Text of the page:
Of course, everyone learns to write. I don't remember how it happened, though there is a picture of a little girl who used to be me, chubby pencil in chubby fingers stabbing at an exercise book with an expression of intense concentration on her face. It doesn't look comfortable and still isn't. Everyone has to learn to put the marks on the page and one way or another most people somehow do.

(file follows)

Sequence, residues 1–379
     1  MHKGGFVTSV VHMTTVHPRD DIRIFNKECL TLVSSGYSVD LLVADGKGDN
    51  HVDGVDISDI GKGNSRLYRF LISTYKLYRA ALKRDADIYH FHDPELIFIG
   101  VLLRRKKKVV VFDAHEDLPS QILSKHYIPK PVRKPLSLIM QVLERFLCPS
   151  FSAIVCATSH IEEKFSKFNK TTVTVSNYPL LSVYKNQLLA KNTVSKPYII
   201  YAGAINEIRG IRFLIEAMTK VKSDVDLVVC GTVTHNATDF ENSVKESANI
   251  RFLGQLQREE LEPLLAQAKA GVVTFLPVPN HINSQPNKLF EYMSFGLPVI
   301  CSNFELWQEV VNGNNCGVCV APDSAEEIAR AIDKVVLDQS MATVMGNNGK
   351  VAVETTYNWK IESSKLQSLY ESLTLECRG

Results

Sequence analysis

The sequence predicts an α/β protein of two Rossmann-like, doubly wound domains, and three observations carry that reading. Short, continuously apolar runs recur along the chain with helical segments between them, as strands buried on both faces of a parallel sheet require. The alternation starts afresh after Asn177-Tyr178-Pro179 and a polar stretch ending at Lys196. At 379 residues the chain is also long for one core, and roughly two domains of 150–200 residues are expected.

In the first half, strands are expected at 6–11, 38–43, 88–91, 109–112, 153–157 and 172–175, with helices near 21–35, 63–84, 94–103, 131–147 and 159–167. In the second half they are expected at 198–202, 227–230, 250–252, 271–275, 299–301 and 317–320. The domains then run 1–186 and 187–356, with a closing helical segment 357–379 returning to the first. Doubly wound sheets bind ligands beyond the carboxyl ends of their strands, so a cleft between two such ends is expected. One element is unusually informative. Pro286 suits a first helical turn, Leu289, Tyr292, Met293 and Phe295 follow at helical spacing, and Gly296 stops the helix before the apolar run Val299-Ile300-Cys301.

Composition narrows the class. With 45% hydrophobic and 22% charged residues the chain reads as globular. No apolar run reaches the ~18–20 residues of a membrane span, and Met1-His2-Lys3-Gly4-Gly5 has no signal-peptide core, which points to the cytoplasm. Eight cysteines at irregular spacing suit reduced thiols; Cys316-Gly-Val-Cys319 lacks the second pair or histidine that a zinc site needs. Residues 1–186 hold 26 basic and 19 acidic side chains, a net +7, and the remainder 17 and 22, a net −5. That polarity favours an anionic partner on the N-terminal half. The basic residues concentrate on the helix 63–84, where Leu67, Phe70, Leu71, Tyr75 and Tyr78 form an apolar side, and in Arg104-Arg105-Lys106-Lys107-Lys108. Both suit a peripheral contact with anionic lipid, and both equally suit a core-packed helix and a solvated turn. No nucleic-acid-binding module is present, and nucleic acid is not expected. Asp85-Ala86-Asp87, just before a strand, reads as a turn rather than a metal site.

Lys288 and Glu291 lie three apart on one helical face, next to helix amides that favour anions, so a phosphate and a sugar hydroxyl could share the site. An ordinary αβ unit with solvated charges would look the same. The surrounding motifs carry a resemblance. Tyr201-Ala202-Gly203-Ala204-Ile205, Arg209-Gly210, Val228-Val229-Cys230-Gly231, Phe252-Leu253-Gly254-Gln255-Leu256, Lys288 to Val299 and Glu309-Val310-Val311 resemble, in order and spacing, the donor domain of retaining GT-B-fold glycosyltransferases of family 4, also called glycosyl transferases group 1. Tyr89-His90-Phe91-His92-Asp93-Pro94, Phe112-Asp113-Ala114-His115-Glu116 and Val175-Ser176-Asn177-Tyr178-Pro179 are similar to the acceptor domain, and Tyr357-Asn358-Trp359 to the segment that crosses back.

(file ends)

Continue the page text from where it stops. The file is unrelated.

But that isn't what people are asking. People at drinks parties desperately trying to make conversation, may, on learning that I teach creative writing, pucker their brows and look quizzical: 'But can you teach creative writing? I mean, can you learn to write?' As if the knowing which marks to make and in which order and when and why and for how long is something that isn't learned just like that mark making. So, as I reach for my second glass of wine (red, if you're buying) and inexpertly spear an olive, this is what I usually say, in between refills: It is certainly true that most writers of my generation did not attend creative writing courses or study for MAs or MFAs. We were, by and large, encouraged to write in school. And maybe that's when we were taught, some time in the same murky past where we learned to use log tables and slide rules and how to knit a tea cosy and sew a peg bag. We had more incentive to practise too on endless wet Sundays when all the shops were shut and there was nothing on TV. It wasn't quite the dark ages, but in the pre-digital era, there was a lot more time to fill, a lot more silence in our heads and perhaps more boredom too. Everyone has heard the adage that it takes 10,000 hours of practice to achieve proficiency in any field. It used to be accepted on the Science Fiction board I used to frequent, that a fiction writer has to write a million words of crap before they produced anything of value. So, I hear you mutter, probably a little grumpily by now, 'You are saying that you can't actually teach anyone to write? No, that's not what I'm saying. You can't learn to write without reading and without writing, but reading and writing practice alone won't necessarily turn you into the next Booker prize winner, Sunday Times Best Seller, or even moderately unsuccessful midlist author. It is perfectly possible to write several million words of crap and never get any better. If you want to learn an instrument you don't generally teach yourself - at least not without recourse to 'how- to' books and youtube videos. That is not to say it is impossible to learn that way, or that those who are entirely self-taught are not capable of greatness. For most of us, however, it is helpful to have the odd lesson from someone who can already play, who has a slightly more practised ear for wrong notes, who can help with technique. The same goes for the visual arts and for drama. No one learns anything without having a go, without making mistakes and trying again, but many people learn better with a little bit of help. So that's where I come in.